Wednesday, June 07, 2023
By
Web Desk

Canadian wildfires trigger health alerts in New York and Ottawa

Wildfires have ignited in almost all of Canada's provinces and territories, with Quebec being the hardest

By
Web Desk
Smoke rises above the southeast perimeter of the Paskwa fire as it burns near Fox Lake, Alberta, Canada May 16, 2023.—Reuters
Smoke rises above the southeast perimeter of the Paskwa fire as it burns near Fox Lake, Alberta, Canada May 16, 2023.—Reuters 

Health authorities in New York, Toronto, and Ottawa have issued warnings to residents about the health hazards caused by smoke from the unusually early and intense summer wildfires in eastern Canada. 

These wildfires, which have started earlier than usual, have put Canada on track for its most severe wildfire season to date, with warm and dry conditions expected to persist for months.

Wildfires have ignited in almost all of Canada's provinces and territories, with Quebec being the hardest hit due to multiple fires caused by lightning strikes. In response, the New York State Department of Environmental Conservation has issued a health advisory for counties including New York, Bronx, and Queens. The advisory recommends that residents limit strenuous outdoor activities to minimize the risk of adverse health effects.

Neighboring Ottawa, the Canadian capital, has experienced hazy conditions with very poor air quality, as indicated by Environment Canada's Air Quality Health Index. Smoke plumes from both local forest fires and fires in Quebec have contributed to the deteriorated air quality. Similarly, Toronto has also been affected by polluted air, and the situation is expected to persist throughout the week, according to the government-run weather agency.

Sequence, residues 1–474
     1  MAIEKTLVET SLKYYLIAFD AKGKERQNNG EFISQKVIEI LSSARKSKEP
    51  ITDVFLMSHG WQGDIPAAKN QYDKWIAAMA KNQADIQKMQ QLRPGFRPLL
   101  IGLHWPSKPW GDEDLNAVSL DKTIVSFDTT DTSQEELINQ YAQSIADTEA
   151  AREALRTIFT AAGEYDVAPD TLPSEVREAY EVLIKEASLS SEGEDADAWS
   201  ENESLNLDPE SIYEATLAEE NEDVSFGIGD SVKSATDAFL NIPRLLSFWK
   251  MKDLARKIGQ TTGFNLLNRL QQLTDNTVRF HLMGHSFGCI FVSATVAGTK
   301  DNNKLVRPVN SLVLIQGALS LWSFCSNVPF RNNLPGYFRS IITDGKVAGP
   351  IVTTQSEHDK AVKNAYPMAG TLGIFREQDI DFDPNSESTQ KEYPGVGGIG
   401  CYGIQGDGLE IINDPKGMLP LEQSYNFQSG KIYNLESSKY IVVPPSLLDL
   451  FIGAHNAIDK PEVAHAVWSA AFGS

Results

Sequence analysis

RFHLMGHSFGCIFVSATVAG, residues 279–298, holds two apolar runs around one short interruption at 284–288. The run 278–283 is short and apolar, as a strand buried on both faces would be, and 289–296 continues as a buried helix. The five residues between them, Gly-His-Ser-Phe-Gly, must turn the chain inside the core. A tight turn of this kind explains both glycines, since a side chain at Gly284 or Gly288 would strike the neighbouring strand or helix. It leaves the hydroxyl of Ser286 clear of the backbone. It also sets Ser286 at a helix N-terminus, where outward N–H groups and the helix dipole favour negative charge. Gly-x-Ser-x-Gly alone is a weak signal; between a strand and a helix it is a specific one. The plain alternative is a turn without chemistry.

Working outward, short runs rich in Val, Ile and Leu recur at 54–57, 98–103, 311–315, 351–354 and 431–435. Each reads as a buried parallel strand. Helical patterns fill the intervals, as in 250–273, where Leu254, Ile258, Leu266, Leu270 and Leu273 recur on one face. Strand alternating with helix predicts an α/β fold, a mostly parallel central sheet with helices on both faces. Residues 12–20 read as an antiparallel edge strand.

Environment Canada has emphasized that even low concentrations of wildfire smoke can be harmful to health, particularly for individuals with lung or heart diseases, older adults, children, and pregnant women. Canada's Foreign Minister, Melanie Joly, expressed gratitude to the United States, Mexico, South Africa, and France for sending firefighters to assist with the ongoing wildfires.

The unprecedented wildfires in eastern Canada have led to widespread home evacuations and the deployment of military personnel by the federal government. Over 3.3 million hectares of land have already been burned, which is thirteen times the ten-year average and more than 120,000 people have been temporarily displaced from their homes. Prime Minister Justin Trudeau urged the public to follow the guidance of local authorities to ensure their safety in affected areas, including Ottawa, where smoke from the wildfires has had an impact.